Nvidia Corp. has quietly added GeForce GTX 965M graphics adapter into its drivers. The listing of the graphics solution could mean that the new graphics processing unit is already shipping to notebook PC makers and may be unveiled shortly. Theoretically, it could also mean that desktop version of the product – the long-awaited GeForce GTX 960 – is also approaching the market.
The list of supported graphics cards of Nvidia GeForce drivers version 344.77 WHQL includes previously unannounced GeForce GTX 965M (Nvidia device ID 13D9, NVIDIA_DEV.13D9) as well as N16P-GX (Nvidia device ID 139B, NVIDIA_DEV.139B) graphics adapters, which are based on Nvidia GM204 and Nvidia GM107 graphics processors, respectively (based on their chip IDs – 13D and 139).
The GeForce GTX 965M will be a younger brother of the GeForce GTX 970M and 980M, which are powered by the same GM204 graphics processing unit. Exact configuration of the GeForce GTX 965M is unknown, but it is logical to expect the graphics adapter to feature either 1152 stream processors and 72 texture units or 1024 stream processors and 64 texture units. It is not completely clear why Nvidia decided to introduce the GeForce GTX 965M and not the 960M.
The N16P-GX graphics solution powered by the first-generation Maxwell chip code-named GM107 may carry the GeForce GTX 950M or the GeForce GTX 960M name. Specifications of the GM107 graphics processing unit are well known: it features 640 stream processors, 40 texture units, 16 raster operating pipelines and 128-bit memory bus. If Nvidia attributes the GTX 960M model number to a GM107-powered graphics adapter, then performance gap between the GTX 960M and the GTX 965M will be rather huge.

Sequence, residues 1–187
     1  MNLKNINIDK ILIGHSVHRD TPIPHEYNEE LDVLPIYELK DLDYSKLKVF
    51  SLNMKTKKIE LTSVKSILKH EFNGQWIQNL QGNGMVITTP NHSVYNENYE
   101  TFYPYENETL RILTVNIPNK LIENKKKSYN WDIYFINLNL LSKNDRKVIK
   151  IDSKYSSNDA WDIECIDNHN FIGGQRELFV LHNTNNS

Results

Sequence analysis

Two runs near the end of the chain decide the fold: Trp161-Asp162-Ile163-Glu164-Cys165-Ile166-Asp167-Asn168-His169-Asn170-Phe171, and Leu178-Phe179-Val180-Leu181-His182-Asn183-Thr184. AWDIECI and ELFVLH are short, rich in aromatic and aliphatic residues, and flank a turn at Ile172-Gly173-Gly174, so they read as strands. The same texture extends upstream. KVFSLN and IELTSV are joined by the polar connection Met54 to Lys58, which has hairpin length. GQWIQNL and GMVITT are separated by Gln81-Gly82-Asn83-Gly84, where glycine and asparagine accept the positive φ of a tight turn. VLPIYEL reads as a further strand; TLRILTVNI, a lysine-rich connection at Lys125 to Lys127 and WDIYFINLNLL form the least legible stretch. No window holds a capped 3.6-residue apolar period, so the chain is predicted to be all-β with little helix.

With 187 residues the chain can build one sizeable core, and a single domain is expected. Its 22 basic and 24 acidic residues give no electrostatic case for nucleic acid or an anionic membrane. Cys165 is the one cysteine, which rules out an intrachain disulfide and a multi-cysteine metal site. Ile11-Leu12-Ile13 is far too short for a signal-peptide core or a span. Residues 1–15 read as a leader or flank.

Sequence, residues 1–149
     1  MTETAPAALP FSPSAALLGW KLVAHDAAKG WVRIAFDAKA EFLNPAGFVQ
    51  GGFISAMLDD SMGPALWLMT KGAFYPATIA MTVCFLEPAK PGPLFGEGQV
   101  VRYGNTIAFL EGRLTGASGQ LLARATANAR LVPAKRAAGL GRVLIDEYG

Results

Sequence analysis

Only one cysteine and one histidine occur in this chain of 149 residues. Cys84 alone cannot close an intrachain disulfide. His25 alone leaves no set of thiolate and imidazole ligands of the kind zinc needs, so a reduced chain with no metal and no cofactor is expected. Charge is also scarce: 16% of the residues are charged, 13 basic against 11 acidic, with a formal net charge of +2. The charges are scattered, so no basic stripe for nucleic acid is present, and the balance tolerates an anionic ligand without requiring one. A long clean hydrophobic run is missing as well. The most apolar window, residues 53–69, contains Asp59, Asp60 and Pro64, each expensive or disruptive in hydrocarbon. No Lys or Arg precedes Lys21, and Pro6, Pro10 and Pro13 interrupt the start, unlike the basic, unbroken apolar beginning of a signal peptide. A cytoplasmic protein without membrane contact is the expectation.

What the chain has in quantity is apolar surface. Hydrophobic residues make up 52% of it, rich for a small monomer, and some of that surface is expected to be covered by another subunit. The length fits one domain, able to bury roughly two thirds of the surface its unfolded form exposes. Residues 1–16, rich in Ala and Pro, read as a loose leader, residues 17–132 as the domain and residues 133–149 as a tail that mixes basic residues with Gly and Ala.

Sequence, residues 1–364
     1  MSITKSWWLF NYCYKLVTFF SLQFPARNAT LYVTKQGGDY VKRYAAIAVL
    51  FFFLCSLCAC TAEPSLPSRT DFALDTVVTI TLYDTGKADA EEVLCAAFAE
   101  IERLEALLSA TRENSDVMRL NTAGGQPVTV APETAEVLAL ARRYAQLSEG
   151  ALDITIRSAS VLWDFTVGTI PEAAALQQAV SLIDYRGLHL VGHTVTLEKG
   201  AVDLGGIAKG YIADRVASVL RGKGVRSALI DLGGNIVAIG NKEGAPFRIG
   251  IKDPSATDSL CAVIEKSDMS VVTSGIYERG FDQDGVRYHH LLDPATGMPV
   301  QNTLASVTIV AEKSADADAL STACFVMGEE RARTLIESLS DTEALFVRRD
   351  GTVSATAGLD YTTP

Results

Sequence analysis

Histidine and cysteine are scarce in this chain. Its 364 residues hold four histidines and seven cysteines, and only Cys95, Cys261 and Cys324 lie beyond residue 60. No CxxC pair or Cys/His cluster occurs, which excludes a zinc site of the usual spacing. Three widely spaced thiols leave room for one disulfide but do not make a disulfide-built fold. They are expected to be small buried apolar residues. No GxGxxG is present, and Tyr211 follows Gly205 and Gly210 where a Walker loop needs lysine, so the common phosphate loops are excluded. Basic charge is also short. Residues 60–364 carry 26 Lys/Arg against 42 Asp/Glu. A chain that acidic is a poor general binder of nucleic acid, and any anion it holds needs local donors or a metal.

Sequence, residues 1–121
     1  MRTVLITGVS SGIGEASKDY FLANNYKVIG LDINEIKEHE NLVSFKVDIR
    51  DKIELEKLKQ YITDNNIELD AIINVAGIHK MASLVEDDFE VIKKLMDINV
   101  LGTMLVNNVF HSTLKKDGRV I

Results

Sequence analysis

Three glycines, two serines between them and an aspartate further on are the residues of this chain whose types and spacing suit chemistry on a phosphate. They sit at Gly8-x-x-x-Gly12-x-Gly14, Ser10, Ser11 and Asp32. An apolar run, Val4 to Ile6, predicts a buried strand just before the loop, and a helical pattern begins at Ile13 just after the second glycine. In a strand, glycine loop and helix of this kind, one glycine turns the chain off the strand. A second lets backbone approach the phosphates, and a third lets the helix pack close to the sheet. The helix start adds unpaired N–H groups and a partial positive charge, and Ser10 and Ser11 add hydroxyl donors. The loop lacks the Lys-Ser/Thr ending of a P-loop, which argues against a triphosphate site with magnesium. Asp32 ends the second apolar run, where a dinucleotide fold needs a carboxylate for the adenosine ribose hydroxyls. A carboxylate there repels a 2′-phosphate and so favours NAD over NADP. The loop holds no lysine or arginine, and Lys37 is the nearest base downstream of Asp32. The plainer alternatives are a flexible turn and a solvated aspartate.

Since laptop makers usually introduce their new notebooks at the Consumer Electronics Show in early January, it is highly likely that Nvidia plans to formally unveil its GeForce GTX 965M and other new GPUs for notebooks next month as well.
Hypothetically, Nvidia could introduce its desktop GeForce GTX 960 along with mobile version early next month, but since graphics solutions for desktop computers hardly excite mass end-users today, it hardly makes a lot of sense to do it. It is more likely that the multimedia chip designer will roll out its highly anticipated performance-mainstream graphics card later in the second half of January, or even in February.
Nvidia did not comment on the news-story.
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KitGuru Says: Recently Nvidia admitted that mainstream laptops do not need standalone graphics processing units. Moreover, a lot of contemporary mobile platforms from Intel Corp. are not designed to support discrete GPUs. Given the fact that those, who need high-performance notebooks hardly need graphics solutions that barely beat integrated graphics cores from Intel or AMD, it will be very interesting to see the lowest-performing GeForce GTX 900M. Will the company add low-end solutions like GeForce 820M or GeForce 830M with 96 and 256 stream processors, respectively, into the new family of GPUs? Or will it abandon such graphics chips completely?